to participating Member States and contributing nations to record available
and rapidly d
eployable capabilities in order to facilitate and accelerate the
Force Generation Process.

Aiming for fast

tracked political commitment at national level, including
possibly reviewing their national decision

making procedures.

Providing substantial suppor
t within means and capabilities to CSDP
operations (e.g. EUFOR) and missions (e.g. EU Training Missions)

with
personnel, materiel, training, exercise support, infrastructure or otherwise

which have been unanimously decided by the Council, without preju
dice to
any decision on contributions to CSDP operations and without prejudice to
any constitutional constraints,

Substantially contributing to EU BG by confirmation of contributions in
principle at least four years in advance, with a stand

by period in li
ne with the
EU BG concept, obligation to carry out EU BG exercises for the EU BG force
package (framework nation) and/or to participate in these exercises (all EU
Member States participating in EU BG).

Simplifying and standardizing cross border military
tr
ansport
in Europe for
enabling rapid deployment of military materiel and personnel.
13.With regard to interoperability of forces, the participating Member States
are committed to:

Developing the interoperability of their forces
by:

Commitment to agree on com
mon evaluation and validation criteria for
the EU BG force package aligned with NATO standards while
maintaining national certification.
5

Commitment to agree on common technical and operational standards of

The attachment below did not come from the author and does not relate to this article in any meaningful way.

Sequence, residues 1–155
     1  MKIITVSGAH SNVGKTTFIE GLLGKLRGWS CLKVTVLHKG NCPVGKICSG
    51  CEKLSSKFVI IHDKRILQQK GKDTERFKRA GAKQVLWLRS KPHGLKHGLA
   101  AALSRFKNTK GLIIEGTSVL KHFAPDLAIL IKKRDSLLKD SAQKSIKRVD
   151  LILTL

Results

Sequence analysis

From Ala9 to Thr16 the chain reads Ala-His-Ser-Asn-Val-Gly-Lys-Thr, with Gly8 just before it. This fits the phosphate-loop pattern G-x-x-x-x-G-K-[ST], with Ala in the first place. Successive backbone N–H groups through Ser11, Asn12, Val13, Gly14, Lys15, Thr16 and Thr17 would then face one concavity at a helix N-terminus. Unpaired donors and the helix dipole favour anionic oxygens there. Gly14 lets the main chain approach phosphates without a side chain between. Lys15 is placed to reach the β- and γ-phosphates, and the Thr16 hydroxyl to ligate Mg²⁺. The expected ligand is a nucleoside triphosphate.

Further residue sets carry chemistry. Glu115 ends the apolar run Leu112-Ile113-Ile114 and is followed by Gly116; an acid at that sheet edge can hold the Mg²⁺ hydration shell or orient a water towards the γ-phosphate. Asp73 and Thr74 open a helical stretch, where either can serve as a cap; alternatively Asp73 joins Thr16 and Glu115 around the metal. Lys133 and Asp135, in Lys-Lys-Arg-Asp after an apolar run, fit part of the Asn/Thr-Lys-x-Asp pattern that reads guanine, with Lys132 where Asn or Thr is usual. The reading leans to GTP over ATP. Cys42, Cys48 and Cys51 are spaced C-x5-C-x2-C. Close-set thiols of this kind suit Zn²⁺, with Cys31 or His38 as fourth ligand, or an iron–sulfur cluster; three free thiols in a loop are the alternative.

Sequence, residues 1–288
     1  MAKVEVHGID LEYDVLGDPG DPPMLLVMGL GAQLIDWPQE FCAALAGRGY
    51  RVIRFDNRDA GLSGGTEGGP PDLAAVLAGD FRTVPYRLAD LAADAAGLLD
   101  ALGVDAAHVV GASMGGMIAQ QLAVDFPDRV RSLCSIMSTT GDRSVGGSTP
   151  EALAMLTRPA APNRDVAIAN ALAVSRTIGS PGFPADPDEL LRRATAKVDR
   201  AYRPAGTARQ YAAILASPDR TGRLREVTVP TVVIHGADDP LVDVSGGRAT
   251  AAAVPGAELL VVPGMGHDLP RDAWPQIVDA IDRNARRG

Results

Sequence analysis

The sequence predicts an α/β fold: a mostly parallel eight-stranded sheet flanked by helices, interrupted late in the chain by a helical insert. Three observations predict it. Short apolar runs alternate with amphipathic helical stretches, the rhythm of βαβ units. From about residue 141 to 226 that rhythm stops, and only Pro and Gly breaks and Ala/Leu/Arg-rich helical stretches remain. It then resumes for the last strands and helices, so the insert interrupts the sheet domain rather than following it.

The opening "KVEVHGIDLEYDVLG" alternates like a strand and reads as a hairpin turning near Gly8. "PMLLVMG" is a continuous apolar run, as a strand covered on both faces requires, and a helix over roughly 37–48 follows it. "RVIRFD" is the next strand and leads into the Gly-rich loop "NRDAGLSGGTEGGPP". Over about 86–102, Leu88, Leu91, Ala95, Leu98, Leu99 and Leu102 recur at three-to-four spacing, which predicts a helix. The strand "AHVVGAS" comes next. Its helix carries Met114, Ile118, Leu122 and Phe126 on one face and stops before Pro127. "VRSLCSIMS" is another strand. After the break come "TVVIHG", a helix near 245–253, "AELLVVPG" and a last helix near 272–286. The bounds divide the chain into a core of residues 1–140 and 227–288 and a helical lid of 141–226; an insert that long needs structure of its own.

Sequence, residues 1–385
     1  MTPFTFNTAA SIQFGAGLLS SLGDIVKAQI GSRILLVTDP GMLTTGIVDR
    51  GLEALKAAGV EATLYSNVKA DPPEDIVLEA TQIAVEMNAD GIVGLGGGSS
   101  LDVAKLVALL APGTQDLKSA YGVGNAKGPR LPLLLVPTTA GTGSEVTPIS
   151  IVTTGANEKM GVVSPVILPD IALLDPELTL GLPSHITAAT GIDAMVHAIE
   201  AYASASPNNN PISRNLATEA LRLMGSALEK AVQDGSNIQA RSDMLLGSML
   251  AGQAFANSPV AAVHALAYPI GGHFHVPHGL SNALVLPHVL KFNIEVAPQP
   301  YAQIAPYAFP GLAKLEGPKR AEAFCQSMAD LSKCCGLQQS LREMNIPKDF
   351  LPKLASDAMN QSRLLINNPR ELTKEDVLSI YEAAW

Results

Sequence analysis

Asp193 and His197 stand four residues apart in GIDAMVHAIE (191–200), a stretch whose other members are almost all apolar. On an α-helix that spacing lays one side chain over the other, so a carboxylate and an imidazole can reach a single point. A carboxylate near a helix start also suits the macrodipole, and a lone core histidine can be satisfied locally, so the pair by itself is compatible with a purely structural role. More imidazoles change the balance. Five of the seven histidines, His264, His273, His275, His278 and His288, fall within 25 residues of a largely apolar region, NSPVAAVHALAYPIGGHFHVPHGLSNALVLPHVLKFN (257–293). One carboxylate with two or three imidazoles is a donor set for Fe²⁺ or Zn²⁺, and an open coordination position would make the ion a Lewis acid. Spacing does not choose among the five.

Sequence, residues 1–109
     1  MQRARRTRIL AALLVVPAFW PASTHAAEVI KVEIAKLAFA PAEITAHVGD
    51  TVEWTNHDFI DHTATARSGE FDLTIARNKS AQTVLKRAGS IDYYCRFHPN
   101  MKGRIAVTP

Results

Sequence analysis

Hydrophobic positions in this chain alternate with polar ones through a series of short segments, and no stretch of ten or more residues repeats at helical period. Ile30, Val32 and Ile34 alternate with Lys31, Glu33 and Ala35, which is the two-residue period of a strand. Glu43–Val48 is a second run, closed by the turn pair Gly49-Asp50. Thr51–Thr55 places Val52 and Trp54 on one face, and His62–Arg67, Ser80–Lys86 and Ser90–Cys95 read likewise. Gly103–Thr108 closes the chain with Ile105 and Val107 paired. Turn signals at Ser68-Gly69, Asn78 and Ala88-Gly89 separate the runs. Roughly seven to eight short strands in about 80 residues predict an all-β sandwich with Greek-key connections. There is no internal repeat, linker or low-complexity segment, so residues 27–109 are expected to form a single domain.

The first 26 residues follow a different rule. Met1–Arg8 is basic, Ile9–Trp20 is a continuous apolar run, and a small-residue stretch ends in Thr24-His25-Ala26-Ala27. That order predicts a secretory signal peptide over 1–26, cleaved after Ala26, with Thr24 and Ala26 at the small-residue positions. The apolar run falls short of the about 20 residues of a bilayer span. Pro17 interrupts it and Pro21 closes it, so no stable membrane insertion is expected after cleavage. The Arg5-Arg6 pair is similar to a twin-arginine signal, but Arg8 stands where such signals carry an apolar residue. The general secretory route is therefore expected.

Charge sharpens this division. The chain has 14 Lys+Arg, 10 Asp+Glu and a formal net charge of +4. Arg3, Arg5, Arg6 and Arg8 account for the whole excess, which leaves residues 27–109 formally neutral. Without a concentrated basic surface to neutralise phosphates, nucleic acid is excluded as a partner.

forces acknowledging that they need to ensure
interoperability with
NATO.

Optimizing multinational structures: participating Member States could
commit
to joining and playing an active role in the main existing and possible
future structures partaking in European external action in the military field
(EUROCORPS,
EUROMARFOR,
EUROGENDFOR,
MCCE/ATARES/SEOS).
14.Participating Member States will strive for an ambitious approach to
common funding of military CSDP operations and missions, beyond what
will be defined as common cost according to the Athena council
decision.

(d) work together to ensure that they take the necessary measures to make good, including
through multinational approaches, and without prejudice to undertakings in this regard
within the North Atlantic Treaty Organisation, the shortfalls
perceived in the framework of
the ‘Capability Development Mechanism.’”
15.Help to overcome capability shortcomings identified under the Capability
Development Plan (CDP) and CARD. These capability projects shall increase
Europe’s strategic autonomy and stren
gthen the European Defence
Technological and Industrial Base (EDTIB).
16.Consider as a priority a European collaborative approach in order to fill
capability shortcomings identified at national level and, as a general rule,
only use an exclusively national ap
proach if such an examination has been
already carried out.
17.Take part in at least one project under the PESCO which develops or
provides capabilities identified as strategically relevant by Member States.

(e) take part, where appropriate, in the developm
ent of major joint or European equipment
programmes in the framework of the European Defence Agency.”
18.Commitment to the use of EDA as the European forum for joint capability
development and consider the OCCAR as the preferred collaborative
program managin
g organization.
19.Ensure that all projects with regard to capabilities led by participating Member States make the European defence industry more competitive via an appropriate industrial policy which avoids unnecessary overlap.
20. Ensure that the cooperation
programmes – which must only benefit entities
which demonstrably provide added value on EU territory – and the acquisition strategies adopted by the participating Member States will have a positive impact on the EDTIB